Rana Banerji, who also led the Pakistan desk at R&AW earlier, said Munir was unlikely to be a fundamentalist despite his religious mindedness.
Crossed swords with Imran
Munir’s eight-month tenure as Director ISI was the shortest ever for any officer in that post. Although no reasons were officially given for his abrupt transfer, it was widely known that Bajwa had acceded to then Prime Minister Imran Khan’s demand to remove him. At the time, the COAS and Khan were still on friendly terms.
Munir’s fault: he had apparently alleged to Khan that his wife Bushra Bibi, also known as Pinky, and her family were on the take.
This is why when Prime Minister Shehbaz Sharif and his brother, former prime minister Nawaz Sharif — who has lived in self-exile in London since early 2020, and whom the PM consults on all issues pertaining to the government — said the “seniority principle” as laid down in the Constitution would be the only factor in determining the next chief, alarm bells rang for Khan.
Even though Nawaz Sharif had appointed his “own man” as chief overlooking seniority three times, the Sharif brothers’ sudden fondness for the seniority principle pointed in Munir’s direction.
Khan’s push for a “consensus” candidate as Army chief failed. And concerns that he would use President Arif Alvi, who belongs to his party, the Pakistan Tehreek-e-Insaf, to sit on the Cabinet summary of the appointment, on which the presidential signature is a formality but nevertheless, a constitutional requirement, did not come true. A PTI press release sounded conciliatory even as it made the demand for an early election.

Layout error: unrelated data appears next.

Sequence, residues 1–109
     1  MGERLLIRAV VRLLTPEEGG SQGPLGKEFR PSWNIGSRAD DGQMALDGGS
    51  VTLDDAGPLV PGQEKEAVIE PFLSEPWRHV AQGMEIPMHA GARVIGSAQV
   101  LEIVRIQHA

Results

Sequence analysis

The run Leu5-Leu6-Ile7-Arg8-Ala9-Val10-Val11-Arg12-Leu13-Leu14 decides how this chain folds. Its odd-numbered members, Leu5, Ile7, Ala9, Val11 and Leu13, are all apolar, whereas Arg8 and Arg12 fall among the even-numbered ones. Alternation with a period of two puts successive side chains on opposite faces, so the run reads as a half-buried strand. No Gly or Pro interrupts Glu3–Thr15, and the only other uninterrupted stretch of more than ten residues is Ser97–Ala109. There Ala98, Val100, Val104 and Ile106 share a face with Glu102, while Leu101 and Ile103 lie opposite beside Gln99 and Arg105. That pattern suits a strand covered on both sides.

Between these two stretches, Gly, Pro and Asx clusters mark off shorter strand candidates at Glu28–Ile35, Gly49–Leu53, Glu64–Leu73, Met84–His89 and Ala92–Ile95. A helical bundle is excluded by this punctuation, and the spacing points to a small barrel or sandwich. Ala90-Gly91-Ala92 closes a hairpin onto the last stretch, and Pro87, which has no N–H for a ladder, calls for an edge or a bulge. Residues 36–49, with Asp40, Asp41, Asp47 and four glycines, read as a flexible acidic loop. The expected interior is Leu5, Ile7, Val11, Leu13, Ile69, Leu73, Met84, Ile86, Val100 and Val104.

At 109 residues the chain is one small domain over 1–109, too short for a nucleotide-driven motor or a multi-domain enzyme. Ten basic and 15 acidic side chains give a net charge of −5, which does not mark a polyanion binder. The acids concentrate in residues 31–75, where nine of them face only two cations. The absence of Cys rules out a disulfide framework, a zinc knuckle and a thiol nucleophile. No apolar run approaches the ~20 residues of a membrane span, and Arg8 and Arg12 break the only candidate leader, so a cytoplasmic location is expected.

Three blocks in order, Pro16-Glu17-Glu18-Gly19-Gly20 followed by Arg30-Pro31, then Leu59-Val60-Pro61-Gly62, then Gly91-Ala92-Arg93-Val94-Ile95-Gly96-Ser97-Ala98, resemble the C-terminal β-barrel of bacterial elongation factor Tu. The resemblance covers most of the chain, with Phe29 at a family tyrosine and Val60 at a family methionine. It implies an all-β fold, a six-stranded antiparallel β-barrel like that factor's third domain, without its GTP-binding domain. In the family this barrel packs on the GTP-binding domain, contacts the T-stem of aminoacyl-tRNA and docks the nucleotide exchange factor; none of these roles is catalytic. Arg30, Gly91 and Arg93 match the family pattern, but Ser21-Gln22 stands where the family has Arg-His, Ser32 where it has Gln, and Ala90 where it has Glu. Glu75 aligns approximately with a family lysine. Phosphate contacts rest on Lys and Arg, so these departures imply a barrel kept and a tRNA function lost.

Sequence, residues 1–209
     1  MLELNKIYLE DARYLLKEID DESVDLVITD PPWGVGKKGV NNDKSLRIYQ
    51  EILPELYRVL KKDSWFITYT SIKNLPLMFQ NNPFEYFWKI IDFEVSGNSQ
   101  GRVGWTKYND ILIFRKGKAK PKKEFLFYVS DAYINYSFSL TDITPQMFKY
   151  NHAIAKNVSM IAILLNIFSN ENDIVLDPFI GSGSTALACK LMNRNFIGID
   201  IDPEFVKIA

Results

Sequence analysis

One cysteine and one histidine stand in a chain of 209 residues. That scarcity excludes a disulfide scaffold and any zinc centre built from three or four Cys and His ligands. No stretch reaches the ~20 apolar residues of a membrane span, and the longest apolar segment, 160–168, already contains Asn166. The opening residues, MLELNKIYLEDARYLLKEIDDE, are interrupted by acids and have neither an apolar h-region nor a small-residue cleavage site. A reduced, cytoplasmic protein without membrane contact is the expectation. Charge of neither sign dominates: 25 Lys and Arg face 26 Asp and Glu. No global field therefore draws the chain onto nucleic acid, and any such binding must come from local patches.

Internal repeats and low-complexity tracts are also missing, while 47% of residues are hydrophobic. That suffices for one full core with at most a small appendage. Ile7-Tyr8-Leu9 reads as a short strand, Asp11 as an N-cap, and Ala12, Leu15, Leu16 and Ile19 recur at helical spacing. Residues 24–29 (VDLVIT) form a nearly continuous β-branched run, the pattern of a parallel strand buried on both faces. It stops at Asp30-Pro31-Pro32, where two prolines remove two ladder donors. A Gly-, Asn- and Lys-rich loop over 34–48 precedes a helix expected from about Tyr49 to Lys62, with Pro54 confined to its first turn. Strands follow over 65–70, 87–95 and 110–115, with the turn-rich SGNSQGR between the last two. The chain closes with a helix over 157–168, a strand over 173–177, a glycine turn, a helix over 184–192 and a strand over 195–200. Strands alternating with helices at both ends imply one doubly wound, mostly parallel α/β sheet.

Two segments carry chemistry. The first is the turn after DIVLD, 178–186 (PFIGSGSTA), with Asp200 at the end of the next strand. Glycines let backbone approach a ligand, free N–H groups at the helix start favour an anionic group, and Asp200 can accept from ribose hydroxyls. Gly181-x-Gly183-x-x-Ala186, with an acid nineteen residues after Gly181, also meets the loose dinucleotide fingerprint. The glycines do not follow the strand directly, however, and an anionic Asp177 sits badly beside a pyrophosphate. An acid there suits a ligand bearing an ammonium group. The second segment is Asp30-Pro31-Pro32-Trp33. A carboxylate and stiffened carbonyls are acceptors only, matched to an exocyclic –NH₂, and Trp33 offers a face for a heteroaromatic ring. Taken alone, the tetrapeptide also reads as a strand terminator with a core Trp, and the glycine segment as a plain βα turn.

But the Khan-Munir tensions may not be buried yet, only postponed for another day.
Challenges before Munir
In his farewell address, Bajwa reiterated that the Pakistan Army, which had “entered” politics for 75 years, needs to make a clean break from the past.
“A major reason for (the criticism of the Army) is the Army’s interference in politics for the last 70 years which is unconstitutional.
“This is why in February last year the Army, after great deliberation, decided that it would never interfere in any political matter. I assure you we are strictly adamant on this and will remain so.”
Will Munir rise to the bar set for him by Bajwa and change Pakistan’s chronic civil-military imbalance to favour civilians?
As head of the world’s sixth largest army, and of Pakistan’s most “powerful” institution, Munir’s first task will likely be to unite the Army behind his leadership, and cement the cracks between the pro- and anti-Imran Khan factions within.
And as long as politicians look to the Army for help, it will remain the final arbiter.